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6 Reasons Dance Training Makes Us Better Human Beings

Kat Wildish leading a class in New York. Photo by Kyle Froman

Everyone knows that training is the cornerstone of a successful career in dance. But as a dance educator, I also take comfort in the fact that high-quality dance training helps shape students into genuinely good people (in addition to creating future artists, which is a wonderful goal in itself.) These are the lessons dance teaches that help make students into better humans:


Improvement Takes Commitment Over Time

In my tap courses at Cal State University, sometimes students are shocked when they can't learn something quickly. In today's world, we're used to getting fast results. You need an answer—Google it. You need to talk to someone—text them. The cooking channel wants your dinner to be easy, the physical trainer wants your workout to be five minutes, Rosetta Stone can have you speaking Mandarin in an hour.

But dancers know that even when you have aptitude, there's no substitute for hard work and perseverance. Acquiring any skill of value takes time. It's the way we learn to dance, to play music, to speak a foreign language, to succeed academically, to change social norms and to break down barriers. We lace up our shoes day after day, week after week, year after year and learn how to dance. Commitment over time is the very antithesis of modern living and is at the core of dance training.

"Failures" Are Opportunities

At the foundation where I work that gives low-cost dance lessons to underserved kids, we do assessments to place students in the appropriate level. Every year we remind the kids that in academic schooling not moving up to the next grade every year is seen as a failure but in the arts, it is normal to stay in a level for multiple years as you perfect your skills. Every year there are kids who don't move up and are upset. But they soon realize that moving to the next level comes with mastery of a certain set of techniques and mastering those techniques takes hard work.

Steve Zee at the Big Apple Tap Festival.

You Don't Get Something For Nothing

In dance class you are only entitled to what you earn. And what you earn doesn't even necessarily have to be perfect dance technique. Some of my favorite students over the years have not been the best tap dancers but they've been magnificent students. They show up on time and are prepared, they work hard, they sweat and they persevere. Maybe they don't become the most skilled dancer in the room, but they often reap the most benefits. And here is the beautiful part: those kids have worked hard exactly because they don't have a feeling of entitlement.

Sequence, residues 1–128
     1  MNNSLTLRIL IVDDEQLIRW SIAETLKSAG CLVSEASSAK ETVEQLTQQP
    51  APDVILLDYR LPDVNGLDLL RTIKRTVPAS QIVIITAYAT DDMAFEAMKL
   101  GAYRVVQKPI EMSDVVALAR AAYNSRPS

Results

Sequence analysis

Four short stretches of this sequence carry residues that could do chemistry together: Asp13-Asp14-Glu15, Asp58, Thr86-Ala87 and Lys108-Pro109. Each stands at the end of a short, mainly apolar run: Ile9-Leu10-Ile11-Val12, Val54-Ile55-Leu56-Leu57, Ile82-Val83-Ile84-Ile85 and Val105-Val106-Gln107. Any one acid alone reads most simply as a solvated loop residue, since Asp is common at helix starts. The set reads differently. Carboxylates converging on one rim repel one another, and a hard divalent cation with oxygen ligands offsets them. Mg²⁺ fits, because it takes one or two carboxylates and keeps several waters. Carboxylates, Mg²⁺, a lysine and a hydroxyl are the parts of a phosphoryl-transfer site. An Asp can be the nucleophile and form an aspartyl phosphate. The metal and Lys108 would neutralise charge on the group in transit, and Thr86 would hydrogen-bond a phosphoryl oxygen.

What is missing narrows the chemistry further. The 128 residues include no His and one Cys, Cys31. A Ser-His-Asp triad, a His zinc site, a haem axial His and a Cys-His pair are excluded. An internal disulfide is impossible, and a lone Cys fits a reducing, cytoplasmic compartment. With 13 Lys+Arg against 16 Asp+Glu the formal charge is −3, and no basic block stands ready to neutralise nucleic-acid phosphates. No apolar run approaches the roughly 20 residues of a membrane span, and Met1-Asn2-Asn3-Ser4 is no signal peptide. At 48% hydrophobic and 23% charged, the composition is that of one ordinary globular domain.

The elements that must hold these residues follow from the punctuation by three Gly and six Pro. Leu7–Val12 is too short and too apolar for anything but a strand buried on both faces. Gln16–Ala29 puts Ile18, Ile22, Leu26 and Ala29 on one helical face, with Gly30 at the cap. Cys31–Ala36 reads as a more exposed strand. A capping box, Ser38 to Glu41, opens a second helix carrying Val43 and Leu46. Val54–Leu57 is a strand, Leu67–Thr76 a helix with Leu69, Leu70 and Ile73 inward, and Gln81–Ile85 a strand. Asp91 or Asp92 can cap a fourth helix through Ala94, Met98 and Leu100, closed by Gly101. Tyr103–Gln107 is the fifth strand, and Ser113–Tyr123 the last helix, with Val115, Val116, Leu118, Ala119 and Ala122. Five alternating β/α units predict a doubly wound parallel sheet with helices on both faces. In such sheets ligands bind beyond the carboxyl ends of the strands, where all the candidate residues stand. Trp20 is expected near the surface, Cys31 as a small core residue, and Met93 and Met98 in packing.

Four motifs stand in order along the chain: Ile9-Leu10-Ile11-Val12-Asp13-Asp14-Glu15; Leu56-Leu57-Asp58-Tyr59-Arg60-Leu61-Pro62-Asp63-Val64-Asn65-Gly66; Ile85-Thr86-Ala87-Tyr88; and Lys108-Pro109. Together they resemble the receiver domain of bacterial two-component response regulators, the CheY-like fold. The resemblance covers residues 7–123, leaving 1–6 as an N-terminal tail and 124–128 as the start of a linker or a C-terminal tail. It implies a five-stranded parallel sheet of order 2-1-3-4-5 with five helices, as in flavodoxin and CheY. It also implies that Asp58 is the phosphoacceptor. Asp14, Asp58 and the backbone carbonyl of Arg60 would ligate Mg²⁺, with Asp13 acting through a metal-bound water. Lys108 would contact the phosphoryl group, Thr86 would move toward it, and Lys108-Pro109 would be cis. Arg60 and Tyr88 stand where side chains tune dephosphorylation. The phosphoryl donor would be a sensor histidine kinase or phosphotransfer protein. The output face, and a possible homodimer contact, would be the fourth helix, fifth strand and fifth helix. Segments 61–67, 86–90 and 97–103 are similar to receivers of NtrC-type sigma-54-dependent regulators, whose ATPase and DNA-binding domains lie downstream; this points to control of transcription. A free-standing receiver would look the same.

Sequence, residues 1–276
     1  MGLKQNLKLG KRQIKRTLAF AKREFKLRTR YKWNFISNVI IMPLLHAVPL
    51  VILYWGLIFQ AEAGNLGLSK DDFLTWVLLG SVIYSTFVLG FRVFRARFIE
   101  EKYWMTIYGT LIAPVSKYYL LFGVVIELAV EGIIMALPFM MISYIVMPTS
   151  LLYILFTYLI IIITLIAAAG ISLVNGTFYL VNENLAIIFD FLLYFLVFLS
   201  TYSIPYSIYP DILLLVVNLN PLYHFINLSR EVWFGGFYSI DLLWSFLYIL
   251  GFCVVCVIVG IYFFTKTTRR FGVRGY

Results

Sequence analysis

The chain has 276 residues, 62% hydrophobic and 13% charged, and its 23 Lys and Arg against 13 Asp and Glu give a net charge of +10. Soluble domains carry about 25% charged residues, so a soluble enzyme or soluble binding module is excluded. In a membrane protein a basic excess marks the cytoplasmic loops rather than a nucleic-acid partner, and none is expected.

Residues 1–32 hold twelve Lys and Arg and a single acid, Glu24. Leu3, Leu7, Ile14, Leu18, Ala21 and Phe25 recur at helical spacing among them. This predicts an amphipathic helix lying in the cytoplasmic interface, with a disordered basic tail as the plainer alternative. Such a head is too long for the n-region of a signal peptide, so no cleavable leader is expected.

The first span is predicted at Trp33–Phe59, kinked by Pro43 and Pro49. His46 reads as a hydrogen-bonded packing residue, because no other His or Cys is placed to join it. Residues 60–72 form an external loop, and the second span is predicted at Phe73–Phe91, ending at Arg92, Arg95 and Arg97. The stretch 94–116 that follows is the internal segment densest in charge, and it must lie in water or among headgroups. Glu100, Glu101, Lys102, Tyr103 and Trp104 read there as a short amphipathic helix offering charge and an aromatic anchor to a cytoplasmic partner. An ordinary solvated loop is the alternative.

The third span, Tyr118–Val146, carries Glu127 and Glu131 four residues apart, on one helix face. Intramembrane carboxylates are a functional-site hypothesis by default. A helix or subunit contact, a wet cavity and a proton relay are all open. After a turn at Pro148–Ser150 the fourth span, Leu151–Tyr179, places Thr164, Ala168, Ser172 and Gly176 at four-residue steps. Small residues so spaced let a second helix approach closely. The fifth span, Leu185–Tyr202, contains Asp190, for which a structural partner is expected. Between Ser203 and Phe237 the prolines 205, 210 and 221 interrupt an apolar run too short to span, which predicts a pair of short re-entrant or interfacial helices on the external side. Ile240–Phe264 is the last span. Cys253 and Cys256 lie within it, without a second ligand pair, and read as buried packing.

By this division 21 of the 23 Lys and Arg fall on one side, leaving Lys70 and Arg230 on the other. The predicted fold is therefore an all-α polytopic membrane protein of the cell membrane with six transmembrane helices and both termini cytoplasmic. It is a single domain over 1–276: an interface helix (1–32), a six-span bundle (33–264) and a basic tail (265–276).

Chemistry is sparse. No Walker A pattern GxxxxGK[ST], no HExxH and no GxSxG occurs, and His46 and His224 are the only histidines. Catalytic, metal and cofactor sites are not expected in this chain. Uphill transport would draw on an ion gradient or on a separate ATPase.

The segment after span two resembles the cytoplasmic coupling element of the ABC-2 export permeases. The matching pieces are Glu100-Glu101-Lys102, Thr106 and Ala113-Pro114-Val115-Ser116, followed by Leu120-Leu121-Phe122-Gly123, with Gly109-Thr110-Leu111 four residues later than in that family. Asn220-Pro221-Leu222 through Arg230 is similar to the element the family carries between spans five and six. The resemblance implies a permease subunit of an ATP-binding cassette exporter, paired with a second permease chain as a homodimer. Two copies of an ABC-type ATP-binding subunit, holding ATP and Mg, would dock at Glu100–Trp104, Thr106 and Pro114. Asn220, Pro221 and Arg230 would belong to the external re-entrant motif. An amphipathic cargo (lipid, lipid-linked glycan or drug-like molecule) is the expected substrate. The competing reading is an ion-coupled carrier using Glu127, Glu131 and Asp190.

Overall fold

We Are Accountable to Ourselves and Each Other

At the foundation where I teach we have a very strict wardrobe policy. Any student not properly dressed sits and observes class that day. It may seem overly harsh, but there's wisdom behind it. There might be a time that a dancer or their family forgets the uniform, but it doesn't happen again. Over time, as the dancer matures, they learn to be responsible without the parents being involved, and you no longer hear "My mom forgot my shoes."

Students at Dancemakers of Atlanta. Photo courtesy of Dancemakers of Atlanta

Dancers also become responsible for learning the material. They learn that the teacher is not a puppet master who can make a body do the correct thing; it is up to the student to learn the material. They learn that they are responsible to the rest of the class, and that being absent lets down their classmates because other dancers can't get in a good practice without everyone in the room. Missing class, coming to class unprepared or not focusing on executing the steps properly, they learn, affects everyone else.

Cutting Corners Isn't An Option

My younger students will invariably ask me when they can move to the next level and my answer is very frustrating to them, I'm sure. I say that there is really only one level: beginning. If everything goes well in the beginning, improvement will flow. If any corners are cut, it will be hard to become advanced. I distill advanced steps down to the same words I use for a person's first tap lesson. Anyone with an aptitude for dance who excelled a little too quickly will tell you that they eventually go back to fill in the gaps.

Ballet class at the Art of Dance Studio. Photo courtesy of Art of Dance

What Other People Think Doesn't Matter